The Myth of Blue Monday


Is the purported “saddest day of the year” evidence-based?


No scientific studies support the claim that Blue Monday, the third Monday of January, is the saddest day of the year. Where did this myth come from?

In 2005, Cliff Arnal, a Welsh psychologist, came up with a formula for the most depressing day of the year to use for a holiday travel company, Sky Travel. Factors included weather conditions, debt levels, time passed since Christmas, low motivation levels, and failing New Year’s resolutions. However, this seemingly harmless marketing tactic meant to sell summer vacations grew far beyond its original purpose. Unfortunately, it became, as Arnal dubbed it, “a self-fulfilling prophecy.”1

Now, Dr Arnal has changed his tune drastically, apologizing for his formula, and even calling himself an “Activist to #StopBlueMonday” in his Twitter bio.

“These types of formulae, if anything, probably serve to oversimplify the complexities of real-life experience,” an anonymous spokesperson related to NBC News.2

While it may not be scientifically proven, Dr Arnal’s idea of a gloomy post-holiday low point may carry some weight. Shorter days and cold temperatures can negatively affect mood and lead to seasonal affective disorder (SAD).3 In the UK, up to a third of the population experiences SAD.2 Wintertime body changes can affect hormones, sleeping habits, eating habits, and mood.4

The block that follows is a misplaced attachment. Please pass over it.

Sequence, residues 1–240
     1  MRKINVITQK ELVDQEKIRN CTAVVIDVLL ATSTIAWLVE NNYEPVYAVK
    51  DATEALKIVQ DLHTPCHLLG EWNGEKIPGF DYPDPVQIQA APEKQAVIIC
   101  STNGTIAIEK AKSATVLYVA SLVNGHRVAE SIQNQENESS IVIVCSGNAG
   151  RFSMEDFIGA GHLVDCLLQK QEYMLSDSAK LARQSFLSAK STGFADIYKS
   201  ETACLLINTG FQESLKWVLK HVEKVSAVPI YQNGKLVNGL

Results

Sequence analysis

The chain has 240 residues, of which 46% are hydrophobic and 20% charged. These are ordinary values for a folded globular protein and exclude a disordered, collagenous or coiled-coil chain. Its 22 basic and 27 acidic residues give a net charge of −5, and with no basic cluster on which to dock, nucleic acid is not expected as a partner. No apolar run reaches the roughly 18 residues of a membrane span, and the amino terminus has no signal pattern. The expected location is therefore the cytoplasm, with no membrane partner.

Blue Monday may have caused an extra sense of dread to hang around January, especially for patients with depression and anxiety. They may feel pressure to overcome this particular sad holiday.1 To combat this pressure, AXA PPP Health came up with 7 ways to help boost morale and motivation.5

-Set goals

-Improve your work environment

-Identify the reason behind any lack of motivation

-Make lists and plan workloads

-Say no if overwhelmed

-Get adequate sleep

-Stay active

These simple strategies may help you or your patients stay positive not just on Blue Monday, but for all of the winter months.


1. Cohut M. The truth about ‘Blue Monday.’ Medical News Today. January 21, 2019. Accessed January 18, 2021.

2. Carlile J. Jan. 24 called worst day of the year. NBC News. January 21, 2005. Accessed January 18, 2021.

3. Katz D. Blue Monday isn’t real but winter’s impact on your mood can be. 10 News. Updated January 20, 2020. Accessed January 18, 2021.

4. What does Blue Monday mean for our mental health? Mental Health Foundation. January 6, 2021. Accessed January 18, 2021.

5. Dorsey K. Seven ways fed-up workers can beat Blue Monday. Insider UK. January 12, 2018. Accessed January 18, 2021.

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